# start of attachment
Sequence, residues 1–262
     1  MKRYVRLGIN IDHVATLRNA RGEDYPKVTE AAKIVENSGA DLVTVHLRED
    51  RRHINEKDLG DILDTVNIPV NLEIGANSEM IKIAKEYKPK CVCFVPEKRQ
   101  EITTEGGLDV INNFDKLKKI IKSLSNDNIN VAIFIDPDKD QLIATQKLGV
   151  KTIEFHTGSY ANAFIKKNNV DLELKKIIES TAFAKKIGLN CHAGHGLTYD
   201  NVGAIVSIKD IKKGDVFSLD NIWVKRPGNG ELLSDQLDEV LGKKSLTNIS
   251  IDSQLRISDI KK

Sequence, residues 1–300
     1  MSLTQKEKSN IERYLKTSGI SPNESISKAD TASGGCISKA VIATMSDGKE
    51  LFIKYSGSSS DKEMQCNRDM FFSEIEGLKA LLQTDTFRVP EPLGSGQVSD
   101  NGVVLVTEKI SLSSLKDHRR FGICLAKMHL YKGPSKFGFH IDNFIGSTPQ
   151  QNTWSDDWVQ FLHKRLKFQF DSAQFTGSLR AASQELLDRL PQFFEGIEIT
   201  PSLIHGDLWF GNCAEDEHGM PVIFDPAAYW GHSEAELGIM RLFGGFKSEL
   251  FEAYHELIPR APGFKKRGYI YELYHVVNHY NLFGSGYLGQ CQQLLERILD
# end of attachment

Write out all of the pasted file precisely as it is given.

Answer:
Sequence, residues 1–262
     1  MKRYVRLGIN IDHVATLRNA RGEDYPKVTE AAKIVENSGA DLVTVHLRED
    51  RRHINEKDLG DILDTVNIPV NLEIGANSEM IKIAKEYKPK CVCFVPEKRQ
   101  EITTEGGLDV INNFDKLKKI IKSLSNDNIN VAIFIDPDKD QLIATQKLGV
   151  KTIEFHTGSY ANAFIKKNNV DLELKKIIES TAFAKKIGLN CHAGHGLTYD
   201  NVGAIVSIKD IKKGDVFSLD NIWVKRPGNG ELLSDQLDEV LGKKSLTNIS
   251  IDSQLRISDI KK

Sequence, residues 1–300
     1  MSLTQKEKSN IERYLKTSGI SPNESISKAD TASGGCISKA VIATMSDGKE
    51  LFIKYSGSSS DKEMQCNRDM FFSEIEGLKA LLQTDTFRVP EPLGSGQVSD
   101  NGVVLVTEKI SLSSLKDHRR FGICLAKMHL YKGPSKFGFH IDNFIGSTPQ
   151  QNTWSDDWVQ FLHKRLKFQF DSAQFTGSLR AASQELLDRL PQFFEGIEIT
   201  PSLIHGDLWF GNCAEDEHGM PVIFDPAAYW GHSEAELGIM RLFGGFKSEL
   251  FEAYHELIPR APGFKKRGYI YELYHVVNHY NLFGSGYLGQ CQQLLERILD